dreadedcandiru2 (dreadedcandiru2) wrote,

On becoming human: Elly Patterson, Part One.

The interesting thing about the middle years is sort of alluded to in the last Lynnsight to appear in the treasury. As we're about to see, Michael is praised for a sort of negative dedication to his family that's based less on his actually wanting to support what he assumes to be a campaign to enslave him and more based on avoiding punishment and censure for malingering. The Lynnsight in question talks about how at the point where the Treasuries leave off, the Pattersons were ceasing to be comic types and starting to become complex individuals. Given that we're never going to see the Lynnsight that chortles about the point where they cease becoming realistic people we can relate to and devolve into wish fulfillment fantasy projections again, I think it is sort of fitting to remind us of what the Pattersons were when they were people instead of sitcom horror freaks. Since Elly is the axis about which the plot rotates, I think it behooves me to start with her.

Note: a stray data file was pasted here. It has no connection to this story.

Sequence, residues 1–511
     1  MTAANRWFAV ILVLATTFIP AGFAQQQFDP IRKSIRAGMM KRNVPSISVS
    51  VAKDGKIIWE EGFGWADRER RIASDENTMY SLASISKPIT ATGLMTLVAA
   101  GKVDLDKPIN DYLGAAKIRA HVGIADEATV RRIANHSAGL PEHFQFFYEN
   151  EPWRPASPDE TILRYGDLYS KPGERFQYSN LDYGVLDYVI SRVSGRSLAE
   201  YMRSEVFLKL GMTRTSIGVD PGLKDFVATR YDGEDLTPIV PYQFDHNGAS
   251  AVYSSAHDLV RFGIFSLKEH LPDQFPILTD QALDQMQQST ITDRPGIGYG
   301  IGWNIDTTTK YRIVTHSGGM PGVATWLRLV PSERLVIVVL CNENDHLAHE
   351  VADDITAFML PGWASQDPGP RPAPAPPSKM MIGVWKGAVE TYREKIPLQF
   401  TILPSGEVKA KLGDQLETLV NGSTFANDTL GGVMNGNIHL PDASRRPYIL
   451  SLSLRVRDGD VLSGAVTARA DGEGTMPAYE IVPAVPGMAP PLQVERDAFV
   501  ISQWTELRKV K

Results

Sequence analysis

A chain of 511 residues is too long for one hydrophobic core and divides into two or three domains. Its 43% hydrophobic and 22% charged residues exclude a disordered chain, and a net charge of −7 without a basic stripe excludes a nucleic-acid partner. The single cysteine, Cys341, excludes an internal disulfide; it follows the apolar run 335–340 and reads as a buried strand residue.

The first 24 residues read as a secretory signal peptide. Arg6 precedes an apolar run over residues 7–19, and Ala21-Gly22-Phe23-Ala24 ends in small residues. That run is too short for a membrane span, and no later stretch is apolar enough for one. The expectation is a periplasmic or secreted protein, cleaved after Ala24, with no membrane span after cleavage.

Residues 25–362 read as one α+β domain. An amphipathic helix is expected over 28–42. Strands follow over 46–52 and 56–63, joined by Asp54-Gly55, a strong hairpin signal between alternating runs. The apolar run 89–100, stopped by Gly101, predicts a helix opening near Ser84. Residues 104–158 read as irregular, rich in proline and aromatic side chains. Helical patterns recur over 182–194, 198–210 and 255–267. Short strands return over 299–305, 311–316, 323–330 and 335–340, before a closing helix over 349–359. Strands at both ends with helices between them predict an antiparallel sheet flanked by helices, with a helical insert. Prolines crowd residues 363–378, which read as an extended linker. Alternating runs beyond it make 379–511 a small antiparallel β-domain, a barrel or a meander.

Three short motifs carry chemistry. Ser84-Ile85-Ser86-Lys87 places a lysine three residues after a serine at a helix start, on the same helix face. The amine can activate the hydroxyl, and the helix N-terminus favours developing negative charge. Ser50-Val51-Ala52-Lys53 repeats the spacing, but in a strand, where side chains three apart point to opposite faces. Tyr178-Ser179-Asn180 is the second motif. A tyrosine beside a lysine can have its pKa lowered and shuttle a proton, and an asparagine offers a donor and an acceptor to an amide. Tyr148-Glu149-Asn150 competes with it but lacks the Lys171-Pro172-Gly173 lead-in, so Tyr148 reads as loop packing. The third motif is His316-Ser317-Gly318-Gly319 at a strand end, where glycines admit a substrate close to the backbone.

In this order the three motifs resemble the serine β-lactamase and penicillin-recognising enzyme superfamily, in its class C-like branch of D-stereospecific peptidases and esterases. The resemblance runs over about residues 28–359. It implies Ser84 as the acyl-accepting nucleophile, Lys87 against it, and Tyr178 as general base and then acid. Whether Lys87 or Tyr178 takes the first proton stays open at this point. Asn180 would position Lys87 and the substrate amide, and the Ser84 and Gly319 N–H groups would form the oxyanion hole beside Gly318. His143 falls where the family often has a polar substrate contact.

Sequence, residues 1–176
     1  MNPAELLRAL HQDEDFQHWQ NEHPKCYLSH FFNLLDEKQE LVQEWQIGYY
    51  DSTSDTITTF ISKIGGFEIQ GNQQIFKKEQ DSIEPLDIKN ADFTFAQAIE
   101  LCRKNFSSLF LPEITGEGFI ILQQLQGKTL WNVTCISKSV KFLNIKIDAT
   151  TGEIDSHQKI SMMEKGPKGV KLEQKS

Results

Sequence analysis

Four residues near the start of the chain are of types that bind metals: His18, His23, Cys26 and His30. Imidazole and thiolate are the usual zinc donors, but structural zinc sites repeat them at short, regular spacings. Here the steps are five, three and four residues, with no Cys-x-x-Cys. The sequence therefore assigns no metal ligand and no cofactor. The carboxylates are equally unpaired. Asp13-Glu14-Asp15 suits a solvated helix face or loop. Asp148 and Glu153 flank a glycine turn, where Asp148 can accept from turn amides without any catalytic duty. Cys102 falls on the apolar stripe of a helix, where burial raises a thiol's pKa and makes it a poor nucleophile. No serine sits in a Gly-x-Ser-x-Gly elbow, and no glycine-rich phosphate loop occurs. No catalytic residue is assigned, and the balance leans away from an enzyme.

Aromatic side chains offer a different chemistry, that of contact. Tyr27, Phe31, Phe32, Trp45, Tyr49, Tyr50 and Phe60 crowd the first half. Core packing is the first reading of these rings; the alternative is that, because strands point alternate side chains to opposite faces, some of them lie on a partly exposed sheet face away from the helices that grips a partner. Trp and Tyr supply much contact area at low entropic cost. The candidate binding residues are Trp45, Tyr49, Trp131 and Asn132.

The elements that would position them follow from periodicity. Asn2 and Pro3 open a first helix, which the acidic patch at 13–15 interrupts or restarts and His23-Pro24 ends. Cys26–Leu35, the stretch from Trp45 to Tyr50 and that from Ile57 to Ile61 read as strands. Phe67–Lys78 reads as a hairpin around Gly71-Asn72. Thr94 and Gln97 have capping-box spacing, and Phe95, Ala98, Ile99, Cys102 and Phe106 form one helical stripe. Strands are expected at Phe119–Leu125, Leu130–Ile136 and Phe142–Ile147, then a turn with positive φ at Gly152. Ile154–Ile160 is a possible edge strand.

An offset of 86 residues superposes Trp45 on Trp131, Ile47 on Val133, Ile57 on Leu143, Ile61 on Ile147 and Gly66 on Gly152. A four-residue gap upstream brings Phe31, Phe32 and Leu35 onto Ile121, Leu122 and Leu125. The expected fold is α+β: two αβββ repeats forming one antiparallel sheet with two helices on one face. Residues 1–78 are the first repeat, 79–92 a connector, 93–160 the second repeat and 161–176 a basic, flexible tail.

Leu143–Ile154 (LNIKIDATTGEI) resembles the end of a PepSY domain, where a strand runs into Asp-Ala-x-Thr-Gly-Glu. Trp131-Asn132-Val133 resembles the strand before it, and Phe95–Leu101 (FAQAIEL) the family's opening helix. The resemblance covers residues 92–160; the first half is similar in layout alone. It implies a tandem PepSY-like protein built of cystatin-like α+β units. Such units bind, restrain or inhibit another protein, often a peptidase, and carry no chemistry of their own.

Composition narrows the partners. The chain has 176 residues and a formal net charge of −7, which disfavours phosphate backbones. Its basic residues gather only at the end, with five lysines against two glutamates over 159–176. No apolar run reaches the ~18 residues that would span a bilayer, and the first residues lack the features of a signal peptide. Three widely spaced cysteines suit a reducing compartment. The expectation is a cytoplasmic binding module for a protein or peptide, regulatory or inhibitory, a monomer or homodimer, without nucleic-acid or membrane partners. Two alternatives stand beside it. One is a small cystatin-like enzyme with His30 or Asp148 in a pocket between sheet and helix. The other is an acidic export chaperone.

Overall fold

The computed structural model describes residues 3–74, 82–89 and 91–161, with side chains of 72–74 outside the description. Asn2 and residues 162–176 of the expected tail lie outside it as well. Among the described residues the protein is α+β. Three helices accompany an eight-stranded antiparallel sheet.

The first thing someone who started following the strip right about now would notice is that Elly is sort of desperate for any sign that the people around her appreciate what she does for them and don't simply take what she does (or for that matter, her) for granted. This is a problem because she lives in a world that seems to think that being praised for doing things she's "supposed" to do is bad form and also corrupting of the moral fibre. John and the kids might indeed be glad to have her in their lives and love living in the home she makes for them but they'll be damned if they let her know about it because she might become some sort of egomaniac if she realizes that they really like her. They don't understand that Elly needs to feel good about herself in order to feel as if she's making a difference because their culture won't admit that as a possibility.

This leads us to the central emotional tension of the strip: Elly's desperate quest to find any sort of identity that allows her to finally hear the words "We like you and we appreciate what you do for us" and its collision with imbeciles who can't understand what she's hungry for because they believe that the work itself should provide satisfaction. As she says, they only seem to notice what she does when she's too sick to do it and expect her to work and work and work without any expectation of recognition because she can't read minds.
Tags: elly on her cross, the middle years

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